Similarly, you’re going to hit hard losses—maybe even on steps you were counting on being a win. Those are worth appreciating as well, because even failure is a form of information that can help you move forward. Reframing failure in this way is a key part of the successful Catalyst’s journey. 

The losses can still hurt. You can still feel them and experience the consequences. But you don’t have to get stuck there. 

Articulating the wins and losses, both as they happen and in retrospect, is important not just for you but also for your team or partners. We constantly find ourselves reminding each other to celebrate the small stuff and to look for the win that’s hidden in a loss. We try to toast the easy wins as much as the hard ones, because they’re only easy when they come on the heels of other wins we blew right past.

Learn to mark those moments that move you forward, even when they feel like a setback. Share the moment with people around you, so that they can learn to reframe failure and celebrate progress as well.

Over time, you’ll find that small but consistent moments of celebration or acknowledgment will keep others on the journey with you where they might otherwise feel left behind. And even if you’re all alone, they’ll help you create space to breathe for a moment and enjoy the work once more.

Track Your Energy

Embedded within each of the other key tools is this quiet reminder that you matter too

A vision doesn’t come together as well if you aren’t present in each of your interactions with people and data and inspiration. 

An Action Map isn’t as effective if the things you need as a person aren’t on at least a few stops as well.

Wins and losses are important for the team, but it’s just as much about your own satisfaction—reminders of how much joy this work actually gives you.

That’s where the final piece of the formula comes in, even though it’s more like a bubble encasing the whole Catalyst Formula within it. Rejuvenation is the slow burning fuel that makes the Catalyst keep running. Without it, we might burn hot, but we’re going to burn out fast. 

We can become so externally focused on the change, that we forget to think about ourselves. That’s why so many of us hit exhaustion and burnout more deeply and with more frequency than non-Catalysts. The work that once gave us energy begins to take away from everything else that gives us energy, until all it does is take. Eventually, we have nothing left to give.

To start a practice of rejuvenation, start by simply tracking your energy.

What’s giving you energy and what’s taking it away?

Do you see a pattern of energy-draining or sustaining tasks? What about interactions? Is your role still one that brings you life and joy? 

Image of a cartoon energy tank for a human with levels listed as vacation, meditation, yoga, and walks

Because rejuvenation encompasses the whole Catalyst Formula, that awareness can affect each of the other tools, too. As you build your vision and map it out, consider what kind of energy you’ll have on the other side and what you’ll need to sustain it along the way. As you prioritize your day or week or month against the Action Map, think about what gives you energy and find a place for it on the map. When you hit a big win, use that energy as fuel to get you through a lower spot around the corner.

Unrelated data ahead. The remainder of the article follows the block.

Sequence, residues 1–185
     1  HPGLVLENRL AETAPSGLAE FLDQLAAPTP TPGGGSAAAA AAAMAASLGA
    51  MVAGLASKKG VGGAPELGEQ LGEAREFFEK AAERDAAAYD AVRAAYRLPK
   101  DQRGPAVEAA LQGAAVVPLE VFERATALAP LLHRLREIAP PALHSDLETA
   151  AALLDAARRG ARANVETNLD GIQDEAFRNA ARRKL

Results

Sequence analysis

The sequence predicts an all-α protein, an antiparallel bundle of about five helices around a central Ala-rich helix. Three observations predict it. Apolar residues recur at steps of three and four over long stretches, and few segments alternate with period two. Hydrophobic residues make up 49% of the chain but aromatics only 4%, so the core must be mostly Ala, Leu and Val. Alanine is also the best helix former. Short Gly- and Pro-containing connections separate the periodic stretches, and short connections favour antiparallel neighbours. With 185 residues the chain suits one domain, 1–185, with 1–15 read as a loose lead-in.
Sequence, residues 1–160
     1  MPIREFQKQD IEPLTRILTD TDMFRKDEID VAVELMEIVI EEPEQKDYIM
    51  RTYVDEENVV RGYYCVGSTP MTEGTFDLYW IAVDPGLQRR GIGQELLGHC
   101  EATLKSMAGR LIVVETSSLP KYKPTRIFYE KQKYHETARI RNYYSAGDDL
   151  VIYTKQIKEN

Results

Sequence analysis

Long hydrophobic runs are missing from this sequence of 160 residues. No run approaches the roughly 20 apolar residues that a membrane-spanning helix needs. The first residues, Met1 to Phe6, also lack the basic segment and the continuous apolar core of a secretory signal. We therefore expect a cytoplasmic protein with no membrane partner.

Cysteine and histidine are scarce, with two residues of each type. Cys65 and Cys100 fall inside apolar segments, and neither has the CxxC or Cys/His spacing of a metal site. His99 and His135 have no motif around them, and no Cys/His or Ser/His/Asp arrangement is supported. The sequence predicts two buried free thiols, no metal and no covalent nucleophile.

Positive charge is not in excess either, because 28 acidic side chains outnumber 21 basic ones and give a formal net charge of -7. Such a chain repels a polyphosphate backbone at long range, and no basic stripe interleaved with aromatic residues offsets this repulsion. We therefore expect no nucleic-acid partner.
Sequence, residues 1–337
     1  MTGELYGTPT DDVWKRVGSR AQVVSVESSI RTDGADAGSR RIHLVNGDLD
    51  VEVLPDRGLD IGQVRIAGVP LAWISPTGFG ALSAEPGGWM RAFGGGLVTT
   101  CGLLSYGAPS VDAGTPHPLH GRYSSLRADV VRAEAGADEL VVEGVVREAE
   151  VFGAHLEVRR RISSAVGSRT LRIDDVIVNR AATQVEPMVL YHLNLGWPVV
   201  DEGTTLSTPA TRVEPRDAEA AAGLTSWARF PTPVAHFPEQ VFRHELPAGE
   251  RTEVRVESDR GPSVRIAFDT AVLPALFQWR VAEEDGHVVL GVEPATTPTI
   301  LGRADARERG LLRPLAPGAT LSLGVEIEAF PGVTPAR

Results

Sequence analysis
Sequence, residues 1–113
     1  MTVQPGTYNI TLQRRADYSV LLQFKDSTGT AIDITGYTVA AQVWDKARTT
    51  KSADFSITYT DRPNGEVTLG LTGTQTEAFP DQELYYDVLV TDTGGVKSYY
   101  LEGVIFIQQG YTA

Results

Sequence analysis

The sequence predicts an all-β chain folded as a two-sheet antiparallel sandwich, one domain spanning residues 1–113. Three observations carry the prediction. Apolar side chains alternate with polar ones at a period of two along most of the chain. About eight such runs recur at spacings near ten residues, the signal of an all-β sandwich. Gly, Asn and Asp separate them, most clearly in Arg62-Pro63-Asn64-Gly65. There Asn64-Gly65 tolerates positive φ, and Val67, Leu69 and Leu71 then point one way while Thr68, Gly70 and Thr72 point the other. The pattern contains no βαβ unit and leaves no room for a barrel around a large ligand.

The Thriving Catalyst

No, these tools aren’t going to solve everything. You’re still going to move too fast, frustrate people and become frustrated, and lose more energy than you gain. You’re most likely going to burn out. 

The difference comes with the level of intention that the tools create. 

    • The Listening Tour helps you shape a more well-rounded vision that others can see themselves in, and articulating that vision out loud helps you set off in a more specific and clear direction.
    • The Action Map gives you a guiding star to prioritize by, to hold focus when iteration threatens to carry you away or when the midpoint starts to get tedious and boring.
    • Celebration of wins big and small—and of what you learn from losses—brings energy and satisfaction back into the process of work itself.
    • And when you track your energy, you’ll see even more of what feeds you as a Catalyst or seems to drag you down.

And that’s really the heart of it all: the tools you need the most are the ones that will help you thrive. You don’t have to fit anyone else’s expectations of what visioning looks like or what should or shouldn’t be energizing. You just need to live up to your own incredible potential, inside and out.

Because when you know that you’re a Catalyst—not a broken mess…

When you know you’re tracking toward a specific vision—not just making “magic”…

When you can see the map of actions that will get you there—holding yourself to your priorities instead of chasing every shiny new adventure…

When you can look back on your progress and celebrate clear wins and mark important losses—bringing your team along as pivots happen instead of jumping ahead alone…

When you can track your energy and truly value yourself as a key part of the changemaking process…

…That’s when you shift from surviving the world as a disruptor to changing it as a powerful, thriving Catalyst.

For more tools and exploration of how Catalysts work, get your copy of Move Fast. Break Shit. Burn Out. To build your Catalyst muscles with the community, our next Catalyzing Organizational Change course kicks off soon